Tag College of Agricultural and Life Sciences
News stories about meatpacking workers succumbing to COVID-19 and meat shortages at grocery stores have caused some consumers to worry that the meat supply chain is about to collapse. Not quite, says Andrew Stevens, assistant professor of agricultural and applied economics.
Four posters illustrate how the Currie Lab's researchers are adapting to working from home — and provide reflections many of us can relate to.
Five members of the Wendricks family -- three cousins and their grandparents -- are all taking a horticulture class together this semester. They sit together.
The digitized Digital Atlas of Historic Mining Features in Southwestern Wisconsin, developed in the department of soil science at the University of Wisconsin–Madison, shows areas where contamination may be found.
Emeritus Professor Randy Shaver, who was selected as the World Dairy Expo's 2019 Person of the Year, helped Wisconsin dairy farmers learn to make great corn silage, improving returns per cow and per acre of forage.
The competition asked scientists and engineers to build new, dramatic solutions to improve crop systems by harnessing all available technologies.
"It's not just about lowering our emissions but pursuing strategies that might have storage potential, and harvested wood products are one of those options,” says researcher Craig Johnston.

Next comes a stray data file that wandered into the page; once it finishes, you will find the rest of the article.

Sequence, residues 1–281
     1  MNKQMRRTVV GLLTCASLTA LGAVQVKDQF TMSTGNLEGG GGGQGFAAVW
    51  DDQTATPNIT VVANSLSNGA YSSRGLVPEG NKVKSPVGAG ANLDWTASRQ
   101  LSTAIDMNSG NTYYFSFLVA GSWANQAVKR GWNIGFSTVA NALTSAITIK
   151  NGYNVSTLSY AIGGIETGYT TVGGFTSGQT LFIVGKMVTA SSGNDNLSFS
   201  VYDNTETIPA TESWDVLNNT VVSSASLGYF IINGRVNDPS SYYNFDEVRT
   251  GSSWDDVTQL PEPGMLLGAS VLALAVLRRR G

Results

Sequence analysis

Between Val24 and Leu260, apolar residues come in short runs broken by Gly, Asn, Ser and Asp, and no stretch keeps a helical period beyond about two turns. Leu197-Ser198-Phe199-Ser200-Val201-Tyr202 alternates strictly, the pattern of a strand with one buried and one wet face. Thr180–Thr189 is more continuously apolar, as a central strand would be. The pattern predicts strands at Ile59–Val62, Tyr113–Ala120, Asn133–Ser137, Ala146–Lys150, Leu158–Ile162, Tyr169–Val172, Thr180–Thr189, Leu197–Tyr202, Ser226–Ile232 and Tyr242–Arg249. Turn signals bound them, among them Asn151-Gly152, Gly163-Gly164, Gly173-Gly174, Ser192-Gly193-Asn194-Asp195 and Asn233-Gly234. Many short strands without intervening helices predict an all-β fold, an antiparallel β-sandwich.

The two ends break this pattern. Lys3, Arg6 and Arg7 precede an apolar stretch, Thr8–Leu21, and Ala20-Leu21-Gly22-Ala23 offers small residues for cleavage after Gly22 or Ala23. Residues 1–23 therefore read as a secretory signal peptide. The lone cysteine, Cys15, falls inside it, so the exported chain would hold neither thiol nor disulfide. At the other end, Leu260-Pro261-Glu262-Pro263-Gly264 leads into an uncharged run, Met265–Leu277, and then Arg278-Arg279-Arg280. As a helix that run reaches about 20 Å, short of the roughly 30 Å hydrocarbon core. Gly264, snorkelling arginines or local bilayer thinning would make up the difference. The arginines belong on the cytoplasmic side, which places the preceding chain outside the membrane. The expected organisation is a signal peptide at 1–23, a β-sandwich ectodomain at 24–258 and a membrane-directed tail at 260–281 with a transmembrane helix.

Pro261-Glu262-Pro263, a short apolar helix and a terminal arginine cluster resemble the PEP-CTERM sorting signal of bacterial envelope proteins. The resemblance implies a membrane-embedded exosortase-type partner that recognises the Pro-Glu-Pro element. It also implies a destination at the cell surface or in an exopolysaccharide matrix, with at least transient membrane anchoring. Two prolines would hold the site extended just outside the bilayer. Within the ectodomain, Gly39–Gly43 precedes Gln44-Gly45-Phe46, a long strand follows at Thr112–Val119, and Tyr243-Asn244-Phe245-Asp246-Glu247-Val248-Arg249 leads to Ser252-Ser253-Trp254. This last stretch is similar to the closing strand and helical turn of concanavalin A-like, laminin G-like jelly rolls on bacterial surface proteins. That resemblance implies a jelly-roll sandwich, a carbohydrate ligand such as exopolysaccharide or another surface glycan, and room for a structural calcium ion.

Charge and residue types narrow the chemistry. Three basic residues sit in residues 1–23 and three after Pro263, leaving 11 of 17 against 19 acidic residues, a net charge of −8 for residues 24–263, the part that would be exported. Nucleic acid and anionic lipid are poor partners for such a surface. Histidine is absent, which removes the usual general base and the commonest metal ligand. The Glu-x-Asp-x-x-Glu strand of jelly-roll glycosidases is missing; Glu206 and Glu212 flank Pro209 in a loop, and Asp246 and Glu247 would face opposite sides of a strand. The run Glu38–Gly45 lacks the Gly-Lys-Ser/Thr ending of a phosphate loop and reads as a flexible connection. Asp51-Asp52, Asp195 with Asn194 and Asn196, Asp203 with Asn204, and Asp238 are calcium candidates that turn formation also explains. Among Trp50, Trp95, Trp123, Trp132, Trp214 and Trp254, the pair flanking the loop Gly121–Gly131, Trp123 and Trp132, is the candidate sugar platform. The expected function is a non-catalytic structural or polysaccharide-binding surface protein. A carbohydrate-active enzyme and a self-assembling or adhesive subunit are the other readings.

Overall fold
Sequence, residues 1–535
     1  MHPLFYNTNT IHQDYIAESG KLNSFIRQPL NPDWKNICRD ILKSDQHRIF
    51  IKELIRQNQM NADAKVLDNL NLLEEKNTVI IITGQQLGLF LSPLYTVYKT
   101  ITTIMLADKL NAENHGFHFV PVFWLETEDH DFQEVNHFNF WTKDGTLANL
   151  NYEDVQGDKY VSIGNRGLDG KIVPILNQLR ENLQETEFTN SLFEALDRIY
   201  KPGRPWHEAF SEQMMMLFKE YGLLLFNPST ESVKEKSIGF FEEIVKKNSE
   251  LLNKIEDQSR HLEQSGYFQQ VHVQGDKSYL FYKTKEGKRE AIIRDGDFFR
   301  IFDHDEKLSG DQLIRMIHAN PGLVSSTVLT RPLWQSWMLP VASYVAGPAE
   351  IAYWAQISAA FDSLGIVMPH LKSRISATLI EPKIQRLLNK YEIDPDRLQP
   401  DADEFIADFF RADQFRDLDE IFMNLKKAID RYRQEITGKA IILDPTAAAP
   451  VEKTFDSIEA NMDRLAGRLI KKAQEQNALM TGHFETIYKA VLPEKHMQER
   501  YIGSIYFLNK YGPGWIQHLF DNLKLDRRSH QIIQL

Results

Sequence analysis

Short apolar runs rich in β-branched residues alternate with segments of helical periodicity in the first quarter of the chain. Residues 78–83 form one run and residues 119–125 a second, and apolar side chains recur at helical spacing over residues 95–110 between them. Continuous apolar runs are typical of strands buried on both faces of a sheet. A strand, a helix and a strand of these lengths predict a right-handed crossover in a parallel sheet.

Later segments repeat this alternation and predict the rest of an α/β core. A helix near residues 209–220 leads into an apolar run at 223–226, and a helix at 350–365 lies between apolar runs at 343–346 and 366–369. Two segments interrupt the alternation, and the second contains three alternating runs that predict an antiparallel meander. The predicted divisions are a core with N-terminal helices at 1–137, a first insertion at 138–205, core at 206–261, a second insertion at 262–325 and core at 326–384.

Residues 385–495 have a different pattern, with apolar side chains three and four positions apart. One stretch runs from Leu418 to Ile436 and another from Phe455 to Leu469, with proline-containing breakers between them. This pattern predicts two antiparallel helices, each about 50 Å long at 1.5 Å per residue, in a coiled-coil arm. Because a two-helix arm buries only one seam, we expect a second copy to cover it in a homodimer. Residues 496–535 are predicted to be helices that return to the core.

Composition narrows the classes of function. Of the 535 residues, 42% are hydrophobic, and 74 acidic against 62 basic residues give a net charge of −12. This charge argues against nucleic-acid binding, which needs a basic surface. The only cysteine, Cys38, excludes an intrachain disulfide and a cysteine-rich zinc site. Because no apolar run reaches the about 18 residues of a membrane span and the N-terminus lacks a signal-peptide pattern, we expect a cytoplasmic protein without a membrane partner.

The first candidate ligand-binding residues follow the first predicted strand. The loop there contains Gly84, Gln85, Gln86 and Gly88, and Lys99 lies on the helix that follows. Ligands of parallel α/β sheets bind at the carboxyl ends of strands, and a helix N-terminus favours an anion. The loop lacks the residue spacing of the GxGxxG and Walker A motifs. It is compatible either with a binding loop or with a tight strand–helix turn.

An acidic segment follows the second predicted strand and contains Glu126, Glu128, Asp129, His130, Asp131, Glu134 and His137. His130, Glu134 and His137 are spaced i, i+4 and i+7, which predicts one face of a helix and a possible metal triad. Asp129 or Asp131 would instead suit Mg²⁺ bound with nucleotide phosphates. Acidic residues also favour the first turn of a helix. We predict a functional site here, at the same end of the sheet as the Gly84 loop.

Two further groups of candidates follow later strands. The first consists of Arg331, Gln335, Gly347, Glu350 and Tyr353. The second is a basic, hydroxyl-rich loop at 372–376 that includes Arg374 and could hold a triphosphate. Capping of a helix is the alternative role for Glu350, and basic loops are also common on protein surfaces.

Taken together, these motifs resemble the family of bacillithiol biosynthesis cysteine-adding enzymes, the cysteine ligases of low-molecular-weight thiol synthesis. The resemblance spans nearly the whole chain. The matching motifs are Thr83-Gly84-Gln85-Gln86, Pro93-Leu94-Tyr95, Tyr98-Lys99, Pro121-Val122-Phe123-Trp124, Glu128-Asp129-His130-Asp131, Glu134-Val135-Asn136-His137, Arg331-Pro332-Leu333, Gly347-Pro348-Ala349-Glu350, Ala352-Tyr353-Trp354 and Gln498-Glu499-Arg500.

A UW–Madison-sponsored field day and series of talks offered expert advice and encouragement for organic farmers and those who are thinking about going organic, where prices remain strong.
MacDon set up shop in Madison in 2015 for a simple reason: Because of the abundance of engineers with farm experience, mostly educated at UW–Madison.
The same technology that alerts a self-driving car that there’s a pedestrian in the crosswalk could also warn a dairy farmer that a calf is getting sick — even if that calf is mingled among dozens of healthy ones.
CALS and Extension leaders partnered together to fund a one-year research and outreach project at four trial sites to support the growing number of industrial hemp growers.
UW-Madison’s Division of Extension experts are helping Wisconsin farmers learn how to better grow crops like grapes, hops and hazelnuts, to support the bottom line in a state battered by low prices for corn, soybean and milk.
Prospective students and their parents toured UW–Madison’s Department of Dairy Science on Friday during an open house, as they got a firsthand look at one of the world’s leading dairy science departments.
“If you go to the store and buy a beet, or you order a beet dish in a restaurant, it’s almost certain to have its origin here in our program, which is cool,” says Irwin Goldman.
UW-Madison have developed agricultural apps that record and process data in the barn or on the tractor. The apps help farmers make diagnoses and decisions on the fly.